Every once in a while a story comes up that forces the Dog Files to decide where we stand on the issue and this is one of those stories. And our answer is simple and usually the same. Our internal motto here at the Dog Files is, “It’s all about the dogs.” So if this venture is “all about the dogs” and their welfare then we think it’s a good thing. If it’s about lazy people that will never commit and that only think about themselves, then we think it’s not. From what we can tell so far, it seems to be a good thing.
Kenn, Max & Remy
Finding that special bond can be hard, especially between a person and their dog. City Dog Share is an online service which aims to help develop and strengthen this bond for animal lovers. The motto reads “I will watch your dog if you can watch mine.” The service allows for people to offer to pet-sit, creating an environment of canine-care and love.
Aside from allowing owners to get some help in caring for their pup, it allows for people to spend time with dogs before diving into the long term commitment of becoming and owner. It also allows for people whose circumstances do not allow for pet ownership to be able to have some time with some adorable pooches.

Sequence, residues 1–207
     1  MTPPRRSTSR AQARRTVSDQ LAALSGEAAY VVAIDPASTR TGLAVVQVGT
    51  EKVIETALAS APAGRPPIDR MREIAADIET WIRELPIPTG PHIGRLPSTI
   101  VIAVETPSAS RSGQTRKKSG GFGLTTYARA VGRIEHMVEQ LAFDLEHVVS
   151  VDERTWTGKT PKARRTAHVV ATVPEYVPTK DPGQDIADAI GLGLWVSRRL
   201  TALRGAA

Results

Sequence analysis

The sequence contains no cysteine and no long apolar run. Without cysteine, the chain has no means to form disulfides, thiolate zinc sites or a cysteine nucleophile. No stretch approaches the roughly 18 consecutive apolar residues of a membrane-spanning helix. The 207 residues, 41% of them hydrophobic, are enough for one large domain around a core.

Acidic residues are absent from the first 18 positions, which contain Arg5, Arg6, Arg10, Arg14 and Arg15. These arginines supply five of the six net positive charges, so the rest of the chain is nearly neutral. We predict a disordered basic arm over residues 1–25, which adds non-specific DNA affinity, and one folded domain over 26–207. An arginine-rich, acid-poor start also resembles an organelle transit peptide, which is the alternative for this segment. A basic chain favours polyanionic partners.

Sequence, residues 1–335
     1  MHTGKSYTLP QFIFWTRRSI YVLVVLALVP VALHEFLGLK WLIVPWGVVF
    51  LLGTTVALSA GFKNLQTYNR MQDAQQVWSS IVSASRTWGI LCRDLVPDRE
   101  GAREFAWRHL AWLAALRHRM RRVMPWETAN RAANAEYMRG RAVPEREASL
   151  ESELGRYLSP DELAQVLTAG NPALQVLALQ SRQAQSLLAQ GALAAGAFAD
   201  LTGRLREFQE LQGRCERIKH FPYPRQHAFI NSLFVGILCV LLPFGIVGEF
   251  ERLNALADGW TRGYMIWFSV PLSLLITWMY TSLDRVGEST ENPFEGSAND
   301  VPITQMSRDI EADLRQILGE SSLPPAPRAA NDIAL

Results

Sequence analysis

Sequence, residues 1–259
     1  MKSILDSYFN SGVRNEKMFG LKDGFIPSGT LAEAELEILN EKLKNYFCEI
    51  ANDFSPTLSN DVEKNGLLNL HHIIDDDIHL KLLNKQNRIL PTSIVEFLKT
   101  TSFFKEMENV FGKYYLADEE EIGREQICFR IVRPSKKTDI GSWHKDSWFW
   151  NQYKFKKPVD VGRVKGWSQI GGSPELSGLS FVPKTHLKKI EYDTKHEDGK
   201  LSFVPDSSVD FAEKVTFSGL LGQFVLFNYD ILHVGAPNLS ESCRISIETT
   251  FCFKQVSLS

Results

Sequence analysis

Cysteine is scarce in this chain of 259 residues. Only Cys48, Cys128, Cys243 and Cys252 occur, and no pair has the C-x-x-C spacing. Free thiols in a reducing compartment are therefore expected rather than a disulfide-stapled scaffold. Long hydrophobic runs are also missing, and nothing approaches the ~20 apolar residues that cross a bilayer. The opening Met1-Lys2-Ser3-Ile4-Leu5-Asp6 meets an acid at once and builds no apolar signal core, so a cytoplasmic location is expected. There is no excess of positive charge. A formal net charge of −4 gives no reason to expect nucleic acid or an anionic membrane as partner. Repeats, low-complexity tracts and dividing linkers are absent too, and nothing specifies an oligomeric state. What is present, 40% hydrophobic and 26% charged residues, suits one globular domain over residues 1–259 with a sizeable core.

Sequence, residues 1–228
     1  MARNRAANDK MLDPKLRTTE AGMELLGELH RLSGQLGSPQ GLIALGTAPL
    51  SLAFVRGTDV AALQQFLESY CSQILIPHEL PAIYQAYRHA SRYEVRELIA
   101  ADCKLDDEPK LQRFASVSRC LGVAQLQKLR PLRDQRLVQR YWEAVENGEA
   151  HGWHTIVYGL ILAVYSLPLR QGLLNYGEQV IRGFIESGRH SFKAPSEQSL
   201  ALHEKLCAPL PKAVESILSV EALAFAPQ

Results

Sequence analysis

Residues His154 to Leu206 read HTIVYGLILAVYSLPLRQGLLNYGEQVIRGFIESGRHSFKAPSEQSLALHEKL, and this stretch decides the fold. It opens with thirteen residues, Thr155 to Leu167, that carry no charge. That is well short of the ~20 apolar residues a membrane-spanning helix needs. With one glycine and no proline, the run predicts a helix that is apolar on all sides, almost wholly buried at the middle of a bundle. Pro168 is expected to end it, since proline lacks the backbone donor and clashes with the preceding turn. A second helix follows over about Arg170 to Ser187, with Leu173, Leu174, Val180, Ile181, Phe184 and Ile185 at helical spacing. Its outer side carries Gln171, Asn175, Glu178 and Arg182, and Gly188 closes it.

And some believe that it could help find homes for shelter and rescue dogs by giving future dog owners some help if they suddenly feel overwhelmed.
Founder of the group, Erik, Husk uses his keen judgment of Facebook profiles in order to screen the members of the group. When debating adding a member he tells latimes.com, “he has no [Facebook] profile photo, only 18 friends. He could be a creeper. It’s not comforting.”
It seems that his intuition has served him well, based on the success of the group. While the service started only 18 months ago in San Francisco, it has also branched out into Seattle, Portland and Humboldt County. These four legged friends mean as much as children to some owners, and we have to wonder if letting a stranger be responsible for them is wise. However, the only complaint about the site so far is that the community isn’t big enough. Do the benefits outweigh the risk involved? That remains to be seen.
You can check out CityDogShare.org and decide for yourself.
Written by Lauren Varga